Between the war and the history wars….
…. there was a time when acknowledging Sheikh Mujibur Rahman’s unquestioned leadership in 1971 did not stop one from acknowledging the significance of Ziaur Rahman’s broadcasts from Chittagong. Chashi Nazrul Islam’s film Sangram is from that time. It’s a fictionalised account of the experiences of the 4th East Bengal Regiment during the onset of the Liberation War.
In March 1971, the seniormost Bengali officer in the 4th Bengal, stationed in Comilla, was Major Khaled Mosharraf. Just before the 25 March crackdown, he was sent to border regions in Sylhet, ostensibly to fight Naxalites but really to be ambushed by the Pakistanis. Khaled avoided the trap and returned to Comilla where Captain Shafaat Jamil and others had already rebelled.
In the movie, Khaled is renamed Major Hassan. Jump to about 44 minute mark in the video below to see how the major addresses his troops — Pakistanis have attacked us, Sheikh Sahib has declared independence, our job is to defend that independence.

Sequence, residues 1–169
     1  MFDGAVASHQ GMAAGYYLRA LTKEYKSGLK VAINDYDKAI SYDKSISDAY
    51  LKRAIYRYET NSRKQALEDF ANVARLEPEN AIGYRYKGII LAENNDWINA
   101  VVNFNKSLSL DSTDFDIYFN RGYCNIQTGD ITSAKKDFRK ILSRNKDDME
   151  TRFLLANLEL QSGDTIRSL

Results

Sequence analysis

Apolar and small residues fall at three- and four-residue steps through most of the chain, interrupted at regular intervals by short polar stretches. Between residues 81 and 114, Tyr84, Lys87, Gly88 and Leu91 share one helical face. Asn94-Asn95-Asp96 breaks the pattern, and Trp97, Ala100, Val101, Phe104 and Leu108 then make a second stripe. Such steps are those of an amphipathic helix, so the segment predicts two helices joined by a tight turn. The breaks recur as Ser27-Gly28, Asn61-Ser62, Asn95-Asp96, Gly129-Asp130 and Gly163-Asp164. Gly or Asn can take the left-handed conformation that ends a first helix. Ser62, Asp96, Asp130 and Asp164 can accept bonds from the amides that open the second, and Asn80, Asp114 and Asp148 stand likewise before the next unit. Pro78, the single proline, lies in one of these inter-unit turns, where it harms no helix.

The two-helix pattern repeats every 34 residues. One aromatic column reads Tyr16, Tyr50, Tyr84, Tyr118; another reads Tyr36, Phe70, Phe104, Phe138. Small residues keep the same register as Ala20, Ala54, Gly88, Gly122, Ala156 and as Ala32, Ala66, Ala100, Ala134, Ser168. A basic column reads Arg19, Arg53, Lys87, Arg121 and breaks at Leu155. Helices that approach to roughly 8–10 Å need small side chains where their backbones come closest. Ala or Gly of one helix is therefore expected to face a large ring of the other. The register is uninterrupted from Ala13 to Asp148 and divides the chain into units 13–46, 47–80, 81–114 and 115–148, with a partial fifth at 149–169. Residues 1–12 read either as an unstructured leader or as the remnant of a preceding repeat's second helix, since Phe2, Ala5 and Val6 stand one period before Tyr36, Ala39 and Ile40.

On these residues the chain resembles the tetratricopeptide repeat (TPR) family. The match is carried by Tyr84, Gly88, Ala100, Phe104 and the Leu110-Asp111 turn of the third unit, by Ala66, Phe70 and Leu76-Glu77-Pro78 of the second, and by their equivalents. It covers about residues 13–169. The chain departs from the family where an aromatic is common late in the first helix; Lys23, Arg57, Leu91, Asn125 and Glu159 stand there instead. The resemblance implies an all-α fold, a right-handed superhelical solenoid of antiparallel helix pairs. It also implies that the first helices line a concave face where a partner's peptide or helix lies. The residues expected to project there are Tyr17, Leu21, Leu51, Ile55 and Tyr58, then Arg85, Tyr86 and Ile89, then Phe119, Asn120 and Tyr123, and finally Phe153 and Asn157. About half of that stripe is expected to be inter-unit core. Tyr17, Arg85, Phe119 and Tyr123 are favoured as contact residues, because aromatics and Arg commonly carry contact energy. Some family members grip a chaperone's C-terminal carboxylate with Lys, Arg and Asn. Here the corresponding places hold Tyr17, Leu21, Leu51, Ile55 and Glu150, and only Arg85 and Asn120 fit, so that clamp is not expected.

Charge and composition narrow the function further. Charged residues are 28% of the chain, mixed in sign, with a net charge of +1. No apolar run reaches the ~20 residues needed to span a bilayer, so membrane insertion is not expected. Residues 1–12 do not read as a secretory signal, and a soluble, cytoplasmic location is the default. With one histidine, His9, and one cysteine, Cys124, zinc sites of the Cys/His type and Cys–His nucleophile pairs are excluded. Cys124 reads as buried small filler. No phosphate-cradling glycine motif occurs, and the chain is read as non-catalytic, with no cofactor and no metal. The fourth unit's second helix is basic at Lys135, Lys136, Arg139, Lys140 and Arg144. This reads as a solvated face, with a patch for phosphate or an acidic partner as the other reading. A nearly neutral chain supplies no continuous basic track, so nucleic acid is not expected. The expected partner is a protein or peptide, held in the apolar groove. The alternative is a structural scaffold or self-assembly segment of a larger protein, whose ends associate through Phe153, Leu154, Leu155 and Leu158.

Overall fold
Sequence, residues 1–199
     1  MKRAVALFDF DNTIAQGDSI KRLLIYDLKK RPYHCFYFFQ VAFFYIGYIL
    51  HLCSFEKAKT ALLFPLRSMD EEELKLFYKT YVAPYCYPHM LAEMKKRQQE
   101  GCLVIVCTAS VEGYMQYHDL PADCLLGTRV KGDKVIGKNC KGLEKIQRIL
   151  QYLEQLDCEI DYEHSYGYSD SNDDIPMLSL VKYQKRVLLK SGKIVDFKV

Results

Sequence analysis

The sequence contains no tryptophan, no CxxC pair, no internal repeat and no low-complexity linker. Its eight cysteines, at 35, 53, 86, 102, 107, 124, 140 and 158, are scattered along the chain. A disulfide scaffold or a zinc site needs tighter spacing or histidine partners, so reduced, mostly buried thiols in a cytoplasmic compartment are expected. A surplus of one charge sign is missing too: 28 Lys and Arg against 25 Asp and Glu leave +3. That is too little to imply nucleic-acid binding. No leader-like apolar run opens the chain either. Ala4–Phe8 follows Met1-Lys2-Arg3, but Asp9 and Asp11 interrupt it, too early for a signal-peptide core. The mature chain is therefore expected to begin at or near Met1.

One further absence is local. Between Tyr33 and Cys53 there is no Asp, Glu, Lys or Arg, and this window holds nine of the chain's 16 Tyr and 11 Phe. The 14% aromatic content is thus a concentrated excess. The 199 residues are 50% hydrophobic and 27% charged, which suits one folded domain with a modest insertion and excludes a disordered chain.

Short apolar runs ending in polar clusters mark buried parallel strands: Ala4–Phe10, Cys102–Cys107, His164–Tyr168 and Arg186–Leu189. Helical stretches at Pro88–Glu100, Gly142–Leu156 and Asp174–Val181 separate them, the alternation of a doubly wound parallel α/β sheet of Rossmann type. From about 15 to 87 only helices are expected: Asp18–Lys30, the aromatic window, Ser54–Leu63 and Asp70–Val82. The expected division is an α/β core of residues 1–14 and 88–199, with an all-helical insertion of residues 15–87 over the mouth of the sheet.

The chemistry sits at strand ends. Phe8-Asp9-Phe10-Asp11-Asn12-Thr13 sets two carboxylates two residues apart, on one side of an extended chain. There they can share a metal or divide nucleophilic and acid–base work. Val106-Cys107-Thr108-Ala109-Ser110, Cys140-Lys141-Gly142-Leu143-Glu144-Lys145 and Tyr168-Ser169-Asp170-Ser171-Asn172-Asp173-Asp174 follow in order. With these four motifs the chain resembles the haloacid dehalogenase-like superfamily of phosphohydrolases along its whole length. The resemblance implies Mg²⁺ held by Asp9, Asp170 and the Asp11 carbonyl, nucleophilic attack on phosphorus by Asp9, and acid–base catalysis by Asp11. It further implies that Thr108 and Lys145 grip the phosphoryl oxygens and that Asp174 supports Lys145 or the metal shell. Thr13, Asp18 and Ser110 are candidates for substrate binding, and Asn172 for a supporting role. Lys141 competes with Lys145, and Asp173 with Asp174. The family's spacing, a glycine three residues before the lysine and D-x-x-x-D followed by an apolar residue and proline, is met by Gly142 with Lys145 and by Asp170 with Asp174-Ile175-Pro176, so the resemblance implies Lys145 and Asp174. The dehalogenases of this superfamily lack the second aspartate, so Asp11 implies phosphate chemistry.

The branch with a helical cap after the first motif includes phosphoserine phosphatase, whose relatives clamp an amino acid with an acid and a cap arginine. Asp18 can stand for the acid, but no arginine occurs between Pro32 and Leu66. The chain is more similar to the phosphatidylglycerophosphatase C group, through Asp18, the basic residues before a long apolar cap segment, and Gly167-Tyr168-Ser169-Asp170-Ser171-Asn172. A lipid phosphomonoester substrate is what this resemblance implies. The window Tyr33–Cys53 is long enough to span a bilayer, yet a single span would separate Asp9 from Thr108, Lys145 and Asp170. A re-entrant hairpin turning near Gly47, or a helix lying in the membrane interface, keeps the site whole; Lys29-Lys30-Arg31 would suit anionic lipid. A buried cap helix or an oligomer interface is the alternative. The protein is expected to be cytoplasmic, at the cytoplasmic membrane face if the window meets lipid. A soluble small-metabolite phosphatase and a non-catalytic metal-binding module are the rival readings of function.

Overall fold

Immediately after that, he is shown as listening to Zia’s radio speech and noting that his is not an isolated mutiny. That is the real significance of Zia’s March broadcasts, to tell the world that Bangladesh was an independent but occupied land and a war of resistance had begun against that occupation.
When Mr Islam made that movie in 1974, he understood the significance perfectly well, as did his leading man Khasru — both were freedom fighters, the actor was and remained an Awami League activist, the director ended up in BNP. In the last scene, Sheikh Mujib is seen as taking salute from the Bangladesh army, with Khaled, Zia and other senior officers behind him.